Showpadthe global leader in sales enablement technology, has released findings from its Modern Salesperson Survey, which analyzed sellers from US organizations and found that 80% of salespeople believe virtual meetings make it harder to engage with buyers and on average, 40% believe it’s costing them sales personally.
The increase in flexibility offered by hybrid working since the pandemic has been considered a bonus for employees, with Showpad’s research showing that many job candidates would not consider a position if it didn’t offer a hybrid work option. But this perk could be less of a ‘bonus’ for salespeople who rely on commission. In fact, 57% of salespeople are losing out on more than $1.2M in commission. While 10% say their sales have held steady over the transition to hybrid working, just nine percent say they have increased, showing the move to hybrid is only benefitting a few in sales-based roles.
Body Language Challenge
Forty-two percent of sellers say that virtual meetings make it difficult for sellers to make a connection with buyers over a screen. According to the study, 65% of salespeople say that as they can’t read the buyer’s body language, it’s harder to gauge whether a pitch or proposition is landing or how successful the interaction was overall. Virtual meetings also eliminate the ability for sellers to engage in client hospitality by taking them out for meals, drinks or nice experiences (37%) and poor online connections can create awkwardness (37%).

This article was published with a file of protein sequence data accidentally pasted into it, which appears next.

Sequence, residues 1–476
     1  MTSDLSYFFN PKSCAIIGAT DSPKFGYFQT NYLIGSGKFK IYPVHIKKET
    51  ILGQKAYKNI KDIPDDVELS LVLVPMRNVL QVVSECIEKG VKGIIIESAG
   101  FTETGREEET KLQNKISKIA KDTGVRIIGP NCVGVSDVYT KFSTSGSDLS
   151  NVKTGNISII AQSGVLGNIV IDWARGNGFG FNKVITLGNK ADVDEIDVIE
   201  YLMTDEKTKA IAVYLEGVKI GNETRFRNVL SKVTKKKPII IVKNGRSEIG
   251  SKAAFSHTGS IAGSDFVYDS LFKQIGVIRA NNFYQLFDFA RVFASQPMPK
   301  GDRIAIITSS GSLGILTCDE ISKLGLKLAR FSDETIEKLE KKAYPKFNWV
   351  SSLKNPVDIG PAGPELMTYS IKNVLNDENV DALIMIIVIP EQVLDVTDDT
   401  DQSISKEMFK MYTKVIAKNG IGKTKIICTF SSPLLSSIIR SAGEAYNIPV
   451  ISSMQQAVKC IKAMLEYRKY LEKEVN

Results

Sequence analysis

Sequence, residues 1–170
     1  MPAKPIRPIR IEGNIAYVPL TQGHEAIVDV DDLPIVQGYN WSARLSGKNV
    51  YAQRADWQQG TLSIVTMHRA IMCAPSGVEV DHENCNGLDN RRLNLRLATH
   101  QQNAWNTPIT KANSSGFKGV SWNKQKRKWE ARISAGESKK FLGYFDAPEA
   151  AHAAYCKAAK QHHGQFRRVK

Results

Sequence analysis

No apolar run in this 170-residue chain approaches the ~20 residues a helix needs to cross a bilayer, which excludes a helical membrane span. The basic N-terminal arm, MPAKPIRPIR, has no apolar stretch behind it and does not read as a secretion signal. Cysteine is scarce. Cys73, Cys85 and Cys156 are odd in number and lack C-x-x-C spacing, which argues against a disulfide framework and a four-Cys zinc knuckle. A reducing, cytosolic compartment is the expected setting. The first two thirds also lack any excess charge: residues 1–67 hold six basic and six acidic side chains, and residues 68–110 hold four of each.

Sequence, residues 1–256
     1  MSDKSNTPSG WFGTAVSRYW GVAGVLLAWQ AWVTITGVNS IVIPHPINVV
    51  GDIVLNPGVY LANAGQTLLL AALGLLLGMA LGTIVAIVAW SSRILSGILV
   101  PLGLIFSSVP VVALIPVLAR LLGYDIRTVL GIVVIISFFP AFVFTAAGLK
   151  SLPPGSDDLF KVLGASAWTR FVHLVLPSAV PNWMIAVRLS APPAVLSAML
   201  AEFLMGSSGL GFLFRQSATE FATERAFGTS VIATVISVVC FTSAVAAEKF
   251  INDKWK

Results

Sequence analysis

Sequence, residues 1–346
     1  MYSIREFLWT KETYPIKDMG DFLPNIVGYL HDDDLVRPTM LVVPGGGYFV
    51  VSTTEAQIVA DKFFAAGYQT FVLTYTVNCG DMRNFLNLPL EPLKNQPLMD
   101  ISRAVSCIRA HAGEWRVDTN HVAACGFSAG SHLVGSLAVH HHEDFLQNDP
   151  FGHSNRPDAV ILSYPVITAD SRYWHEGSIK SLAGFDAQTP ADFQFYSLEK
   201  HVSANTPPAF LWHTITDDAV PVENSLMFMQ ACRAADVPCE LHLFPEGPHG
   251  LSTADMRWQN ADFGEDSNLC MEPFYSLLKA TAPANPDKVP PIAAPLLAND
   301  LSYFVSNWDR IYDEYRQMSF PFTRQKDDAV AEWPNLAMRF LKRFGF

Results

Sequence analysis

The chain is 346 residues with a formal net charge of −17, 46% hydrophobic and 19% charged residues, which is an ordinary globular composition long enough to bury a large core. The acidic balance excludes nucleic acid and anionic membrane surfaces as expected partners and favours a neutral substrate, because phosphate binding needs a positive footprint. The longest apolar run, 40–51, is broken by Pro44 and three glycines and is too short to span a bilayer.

Body language is critical during the sales process as without it, salespeople cannot tell if buyers understand what they are saying well enough (45%). The study also highlighted that 43% of salespeople are placed at a disadvantage as they cannot use their own body language effectively as a seller. From the data, 39% believe that a lack of a physical connection – like the inability to give a handshake – hurts the buyer-seller relationship. According to the survey, more than a third of sellers (38%) are left to wonder how well the meeting went when it takes place virtually.